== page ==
Of all the automotive cash-cows we could name, the open-top hypercar is the most heinous. Manufacturers are really tugging those teats lately and we’re really not sure there’s anything left to gain. If this were a living, mooing milk-factory you’d be done for animal cruelty.
I am of course writing in the wake of the Lamborghini SC20‘s reveal, and this only a few months since McLaren scaled-down production of the Elva again to a final total of 149. These cars are designed to bring in massive amounts of raw profit; nothing more. They serve no useful purpose and they’re not art, because true art has no higher function than its own existence, and these are, at the end of the day, just cars.
Let me further explain my loathing for these things. I’ve driven a few four-wheeled vehicles that lacked windscreens. First there have been quad bikes. Not that fast, often quite bonkers at low speeds and good fun for it. Then there was the Ariel Atom. Sitting inside a frame designed only to contain you and the engine guarantees big smiles, but only when the experience isn’t wildly overwhelming.
Once upon a time I also took the wheel of a small, closed-wheel racing car at Rockingham Raceway – before they turned the once-proud track into a literal car park. I can’t even remember the make or model of the tiny little open-cockpit car, but the experience is absolutely seared into my memory. Helmet on, basic fireproofs secured, I couldn’t believe the transition from a fast road car on track to this impossibly light, direct and aggressive grip monster.
The concept is the same but taken to an even greater extreme with dedicated track cars like the wild Radical SR10, but I’ve got no problem with cars purpose-built to be hammered hard on track days - and repaired afterwards.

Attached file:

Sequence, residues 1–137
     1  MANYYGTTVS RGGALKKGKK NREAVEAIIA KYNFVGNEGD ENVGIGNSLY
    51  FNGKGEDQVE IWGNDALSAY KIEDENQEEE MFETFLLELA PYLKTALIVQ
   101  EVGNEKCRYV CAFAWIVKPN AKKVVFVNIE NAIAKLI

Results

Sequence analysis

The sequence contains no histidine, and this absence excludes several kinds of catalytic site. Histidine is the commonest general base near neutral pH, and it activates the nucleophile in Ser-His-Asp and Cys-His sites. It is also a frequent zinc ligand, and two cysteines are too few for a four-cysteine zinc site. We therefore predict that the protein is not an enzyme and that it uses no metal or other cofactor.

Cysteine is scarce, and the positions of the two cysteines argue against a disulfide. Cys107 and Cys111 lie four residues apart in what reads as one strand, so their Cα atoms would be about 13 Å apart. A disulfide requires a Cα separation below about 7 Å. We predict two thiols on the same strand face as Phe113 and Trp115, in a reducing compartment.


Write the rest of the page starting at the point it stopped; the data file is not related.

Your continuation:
But wait – as amazing as that experience was, from the novelty to the physics, just to get into the car I had to be wearing special gear. Even if you could stick number plates on it, you’d never use it if every time you took it out you had to go full Stig. At least the name-forgotten racer was small and light enough to take to a circuit on a trailer, and cheap enough that you could make repairs if you have an off.
Put the same tests against the ridiculo-cars we’re talking about here. The SC20 and Elva will need you to don a full-face helmet when you drive them. Even the Elva’s clever aerodynamics won’t stop insects and stones testing the puncture resistance of your face. These cars are just too powerful not to have windscreens. And what if you crash it? Try getting hold of replacement body panels for it once you’ve accidentally atomised them on trackside Armco, or on the local chip shop wall while you were trying to fight off a wasp. It’s just not worth the risk, so lesser cars being driven harder will sail right by. If you’re the sort of proud and stubborn person who makes themselves very rich in the first place, that’s a humiliation you don’t want.
So in windscreen-less hypercars, you get neither one thing nor the other. You don’t get a glamorous and glossy capsule within which to transport your attractive partner to luxurious venues and star-studded events. You don’t get a lap-record-capable car you can easily chuck onto a trailer and smash around a circuit for hours without fear of the end bill.
You just get a blob of terrible, wasteful excess. Excess you can’t risk on track, even if the circuit users allow it under their safety rules. Excess that just has to sit in your heated garage along with all the other sad, lonely machines whose true glory fades with every passing day they go unused. It’s a tragedy. These cars represent an exchange of a vast amount of money for a product that’s really no good to anyone. It’s the cynical production of baubles to sell to people whose wealth has outstripped their sense. It’s wholly and inexcusably awful.